National Security, Leaks & Freedom of the Press: The Pentagon Papers Fifty Years On
Geoffrey R. Stone of the University of Chicago Law School is a co-editor of the recently published book National Security, Leaks & Freedom of the Press: The Pentagon Papers Fifty Years On (Oxford Univ. Press 2021), which examines First Amendment rights to disclose, to obtain, or to publish classified information that relates to the national security of the United States. The book contains a collection of influential national security officials, journalists, and scholars and a Commission report on national security, journalism, and the First Amendment.
Written by a group of the nation's leading constitutional scholars, a deeply informed, thoughtful, and often surprising examination of who has First Amendment rights to disclose, to obtain, or to publish classified information relating to the national security of the United States.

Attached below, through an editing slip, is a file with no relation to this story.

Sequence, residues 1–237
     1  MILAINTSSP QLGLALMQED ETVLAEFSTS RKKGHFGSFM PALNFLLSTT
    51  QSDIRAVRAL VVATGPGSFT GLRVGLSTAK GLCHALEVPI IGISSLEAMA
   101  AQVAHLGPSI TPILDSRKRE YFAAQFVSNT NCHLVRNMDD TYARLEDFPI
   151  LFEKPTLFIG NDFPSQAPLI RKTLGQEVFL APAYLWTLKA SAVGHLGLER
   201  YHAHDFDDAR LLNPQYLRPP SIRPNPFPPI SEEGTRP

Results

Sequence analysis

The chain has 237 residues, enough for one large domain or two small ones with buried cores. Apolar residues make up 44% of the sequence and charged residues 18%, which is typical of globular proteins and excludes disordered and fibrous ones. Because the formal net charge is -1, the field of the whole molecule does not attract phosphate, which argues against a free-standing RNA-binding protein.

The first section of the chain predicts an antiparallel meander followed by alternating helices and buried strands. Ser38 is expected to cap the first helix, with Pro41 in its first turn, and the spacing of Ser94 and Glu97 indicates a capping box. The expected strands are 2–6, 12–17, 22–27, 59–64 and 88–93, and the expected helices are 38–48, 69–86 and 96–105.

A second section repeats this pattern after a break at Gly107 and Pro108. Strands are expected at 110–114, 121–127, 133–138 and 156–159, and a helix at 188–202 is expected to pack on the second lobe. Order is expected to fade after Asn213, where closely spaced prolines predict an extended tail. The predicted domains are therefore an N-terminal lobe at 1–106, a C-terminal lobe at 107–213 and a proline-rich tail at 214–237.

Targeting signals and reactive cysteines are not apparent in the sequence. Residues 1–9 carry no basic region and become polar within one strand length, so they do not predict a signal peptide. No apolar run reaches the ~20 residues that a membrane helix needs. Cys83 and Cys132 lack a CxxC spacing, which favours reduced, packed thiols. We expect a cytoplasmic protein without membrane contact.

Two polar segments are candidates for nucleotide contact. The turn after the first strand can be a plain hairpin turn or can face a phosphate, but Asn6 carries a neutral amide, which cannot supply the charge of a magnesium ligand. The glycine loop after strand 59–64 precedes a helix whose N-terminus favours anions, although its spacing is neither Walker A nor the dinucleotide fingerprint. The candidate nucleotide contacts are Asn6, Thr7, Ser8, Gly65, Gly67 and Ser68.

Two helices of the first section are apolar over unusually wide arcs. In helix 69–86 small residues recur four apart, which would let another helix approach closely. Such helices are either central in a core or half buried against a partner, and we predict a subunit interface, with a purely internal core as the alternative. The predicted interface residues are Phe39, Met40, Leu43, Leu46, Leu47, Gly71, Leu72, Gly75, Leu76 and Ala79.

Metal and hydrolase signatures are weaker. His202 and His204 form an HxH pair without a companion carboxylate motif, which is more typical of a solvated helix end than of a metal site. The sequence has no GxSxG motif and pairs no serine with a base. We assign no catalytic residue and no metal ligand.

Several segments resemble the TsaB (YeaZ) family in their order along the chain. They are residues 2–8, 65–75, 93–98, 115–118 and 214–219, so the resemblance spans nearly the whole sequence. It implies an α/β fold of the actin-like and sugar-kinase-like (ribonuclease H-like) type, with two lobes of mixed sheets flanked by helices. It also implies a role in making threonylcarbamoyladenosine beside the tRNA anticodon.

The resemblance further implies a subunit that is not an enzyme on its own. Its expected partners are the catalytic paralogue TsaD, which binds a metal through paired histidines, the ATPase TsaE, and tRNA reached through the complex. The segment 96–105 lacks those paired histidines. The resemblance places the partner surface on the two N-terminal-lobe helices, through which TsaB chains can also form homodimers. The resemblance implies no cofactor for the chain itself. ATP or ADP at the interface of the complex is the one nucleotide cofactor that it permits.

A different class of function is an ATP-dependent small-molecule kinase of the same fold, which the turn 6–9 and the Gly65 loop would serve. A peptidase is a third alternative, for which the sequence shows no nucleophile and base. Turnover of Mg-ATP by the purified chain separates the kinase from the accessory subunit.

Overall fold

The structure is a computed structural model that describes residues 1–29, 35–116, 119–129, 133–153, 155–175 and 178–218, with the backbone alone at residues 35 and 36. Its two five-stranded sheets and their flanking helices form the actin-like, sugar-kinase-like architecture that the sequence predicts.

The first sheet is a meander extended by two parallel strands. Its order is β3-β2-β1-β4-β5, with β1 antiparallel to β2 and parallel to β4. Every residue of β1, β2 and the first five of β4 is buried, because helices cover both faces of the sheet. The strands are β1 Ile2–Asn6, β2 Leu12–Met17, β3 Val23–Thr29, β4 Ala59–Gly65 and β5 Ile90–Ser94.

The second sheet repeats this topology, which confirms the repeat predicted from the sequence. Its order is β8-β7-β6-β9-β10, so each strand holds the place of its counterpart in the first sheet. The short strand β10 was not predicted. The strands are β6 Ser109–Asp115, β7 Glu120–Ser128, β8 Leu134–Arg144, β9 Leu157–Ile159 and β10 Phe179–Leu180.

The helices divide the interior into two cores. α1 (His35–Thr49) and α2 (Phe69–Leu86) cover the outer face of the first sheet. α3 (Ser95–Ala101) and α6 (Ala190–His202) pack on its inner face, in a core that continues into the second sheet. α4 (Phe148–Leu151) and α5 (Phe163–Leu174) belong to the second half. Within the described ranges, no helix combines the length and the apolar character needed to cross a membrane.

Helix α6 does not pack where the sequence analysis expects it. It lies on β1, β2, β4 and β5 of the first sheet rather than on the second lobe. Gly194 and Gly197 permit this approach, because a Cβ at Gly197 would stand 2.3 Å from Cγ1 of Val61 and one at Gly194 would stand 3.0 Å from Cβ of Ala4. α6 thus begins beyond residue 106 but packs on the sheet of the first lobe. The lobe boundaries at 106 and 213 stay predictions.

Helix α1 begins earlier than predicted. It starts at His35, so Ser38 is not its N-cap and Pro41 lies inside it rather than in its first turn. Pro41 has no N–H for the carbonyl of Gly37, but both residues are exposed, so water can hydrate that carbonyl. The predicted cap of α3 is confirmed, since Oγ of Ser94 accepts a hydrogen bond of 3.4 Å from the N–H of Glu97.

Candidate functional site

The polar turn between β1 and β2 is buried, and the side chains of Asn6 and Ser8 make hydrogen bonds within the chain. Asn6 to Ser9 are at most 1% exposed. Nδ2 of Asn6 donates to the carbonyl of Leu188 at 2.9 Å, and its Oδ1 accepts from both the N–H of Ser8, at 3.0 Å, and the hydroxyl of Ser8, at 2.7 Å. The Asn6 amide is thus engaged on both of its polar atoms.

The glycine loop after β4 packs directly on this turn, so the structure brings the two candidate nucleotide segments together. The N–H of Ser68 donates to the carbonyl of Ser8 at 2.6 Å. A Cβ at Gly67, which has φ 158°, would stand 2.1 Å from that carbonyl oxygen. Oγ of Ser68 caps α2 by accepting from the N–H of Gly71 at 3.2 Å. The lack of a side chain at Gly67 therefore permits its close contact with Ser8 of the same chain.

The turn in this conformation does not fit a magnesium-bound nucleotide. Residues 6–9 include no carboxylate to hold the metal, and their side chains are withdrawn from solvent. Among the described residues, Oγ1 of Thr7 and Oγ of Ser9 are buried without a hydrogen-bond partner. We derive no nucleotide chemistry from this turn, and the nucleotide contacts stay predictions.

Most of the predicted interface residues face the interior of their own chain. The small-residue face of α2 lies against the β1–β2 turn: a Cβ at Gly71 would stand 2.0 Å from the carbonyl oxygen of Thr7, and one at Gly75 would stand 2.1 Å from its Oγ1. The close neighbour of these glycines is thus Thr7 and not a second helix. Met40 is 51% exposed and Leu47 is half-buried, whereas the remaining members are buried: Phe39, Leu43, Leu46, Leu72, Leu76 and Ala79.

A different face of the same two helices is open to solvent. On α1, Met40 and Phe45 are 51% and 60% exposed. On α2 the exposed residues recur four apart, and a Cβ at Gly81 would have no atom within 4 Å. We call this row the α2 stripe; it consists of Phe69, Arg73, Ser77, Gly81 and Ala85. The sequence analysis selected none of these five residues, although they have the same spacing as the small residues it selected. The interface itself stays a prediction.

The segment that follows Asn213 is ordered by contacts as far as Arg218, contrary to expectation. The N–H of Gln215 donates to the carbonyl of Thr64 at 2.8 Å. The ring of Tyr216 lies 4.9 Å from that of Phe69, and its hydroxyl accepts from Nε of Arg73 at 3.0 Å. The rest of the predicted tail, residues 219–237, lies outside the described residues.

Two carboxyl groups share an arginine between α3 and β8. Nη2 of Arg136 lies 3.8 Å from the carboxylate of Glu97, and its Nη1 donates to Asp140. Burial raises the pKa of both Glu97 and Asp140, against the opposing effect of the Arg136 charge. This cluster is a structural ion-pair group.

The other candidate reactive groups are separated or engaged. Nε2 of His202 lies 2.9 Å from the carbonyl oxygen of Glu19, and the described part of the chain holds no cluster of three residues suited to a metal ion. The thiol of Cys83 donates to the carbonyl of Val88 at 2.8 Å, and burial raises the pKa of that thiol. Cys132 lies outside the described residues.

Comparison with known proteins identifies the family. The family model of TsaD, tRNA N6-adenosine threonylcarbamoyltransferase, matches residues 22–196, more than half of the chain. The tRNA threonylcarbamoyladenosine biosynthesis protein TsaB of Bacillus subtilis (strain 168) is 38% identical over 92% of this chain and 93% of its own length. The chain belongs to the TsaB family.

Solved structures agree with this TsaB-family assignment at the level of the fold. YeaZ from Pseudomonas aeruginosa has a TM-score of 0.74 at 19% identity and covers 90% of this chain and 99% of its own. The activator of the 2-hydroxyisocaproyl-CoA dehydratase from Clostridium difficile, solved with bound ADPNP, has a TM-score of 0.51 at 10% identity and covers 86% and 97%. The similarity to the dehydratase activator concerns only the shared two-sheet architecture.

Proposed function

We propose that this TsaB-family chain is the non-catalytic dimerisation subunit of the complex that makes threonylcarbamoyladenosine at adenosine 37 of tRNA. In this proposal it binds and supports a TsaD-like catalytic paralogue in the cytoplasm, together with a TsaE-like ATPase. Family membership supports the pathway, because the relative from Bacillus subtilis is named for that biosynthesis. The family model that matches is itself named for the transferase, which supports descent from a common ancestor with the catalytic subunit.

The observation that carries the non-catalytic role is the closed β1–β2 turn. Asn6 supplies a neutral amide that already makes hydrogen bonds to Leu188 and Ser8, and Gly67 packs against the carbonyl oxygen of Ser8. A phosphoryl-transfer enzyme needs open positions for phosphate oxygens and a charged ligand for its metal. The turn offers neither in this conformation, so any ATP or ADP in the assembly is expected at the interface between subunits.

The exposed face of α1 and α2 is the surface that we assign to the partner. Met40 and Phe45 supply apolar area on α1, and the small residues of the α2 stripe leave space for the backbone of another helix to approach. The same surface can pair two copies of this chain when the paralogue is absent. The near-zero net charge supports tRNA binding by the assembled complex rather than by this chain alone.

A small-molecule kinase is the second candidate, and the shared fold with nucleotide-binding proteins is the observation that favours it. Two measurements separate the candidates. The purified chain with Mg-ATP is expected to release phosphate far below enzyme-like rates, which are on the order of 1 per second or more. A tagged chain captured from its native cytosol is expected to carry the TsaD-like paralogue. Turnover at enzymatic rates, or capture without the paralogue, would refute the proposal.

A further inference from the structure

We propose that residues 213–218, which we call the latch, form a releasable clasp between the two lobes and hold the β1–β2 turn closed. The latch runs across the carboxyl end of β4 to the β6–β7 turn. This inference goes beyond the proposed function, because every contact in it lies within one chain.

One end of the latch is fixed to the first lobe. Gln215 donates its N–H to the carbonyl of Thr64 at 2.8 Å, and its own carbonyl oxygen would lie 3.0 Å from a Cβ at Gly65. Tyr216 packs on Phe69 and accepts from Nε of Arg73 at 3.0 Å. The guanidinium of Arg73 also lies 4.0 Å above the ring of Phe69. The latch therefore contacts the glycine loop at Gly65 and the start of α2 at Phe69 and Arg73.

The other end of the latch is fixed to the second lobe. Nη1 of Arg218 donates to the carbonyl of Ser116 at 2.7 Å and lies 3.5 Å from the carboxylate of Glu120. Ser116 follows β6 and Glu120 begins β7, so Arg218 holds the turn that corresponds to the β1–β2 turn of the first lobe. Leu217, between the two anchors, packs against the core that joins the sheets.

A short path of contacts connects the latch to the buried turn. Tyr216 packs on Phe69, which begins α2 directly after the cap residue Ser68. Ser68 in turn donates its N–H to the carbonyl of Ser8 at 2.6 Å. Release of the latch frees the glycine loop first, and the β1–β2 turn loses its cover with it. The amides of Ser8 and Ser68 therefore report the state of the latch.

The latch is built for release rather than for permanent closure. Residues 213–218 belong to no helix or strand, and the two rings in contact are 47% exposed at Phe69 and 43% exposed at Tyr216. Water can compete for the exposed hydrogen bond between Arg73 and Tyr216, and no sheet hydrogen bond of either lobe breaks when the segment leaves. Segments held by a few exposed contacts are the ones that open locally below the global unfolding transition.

One of the most vexing and perennial questions facing any democracy is how to balance the government's legitimate need to conduct its operations-especially those related to protecting the national security-in secret, with the public's right and responsibility to know what its government is doing. There is no easy answer to this issue, and different nations embrace different solutions. In the United States, at the constitutional level, the answer begins exactly half a century ago with the Supreme Court's landmark 1971 decision in the Pentagon Papers case. The final decision, though, left many important questions unresolved. Moreover, the issue of leaks and secrecy has cropped up repeatedly since, most recently in the Edward Snowden and Chelsea Manning cases. In National Security, Leaks and Freedom of the Press, two of America's leading First Amendment scholars, Lee C. Bollinger and Geoffrey R. Stone, have gathered a group of the nation's leading constitutional scholars-including John Brennan, Eric Holder, Cass R. Sunstein, and Michael Morell, among many others-to delve into important dimensions of the current system, to explain how we should think about them, and to offer as many solutions as possible.
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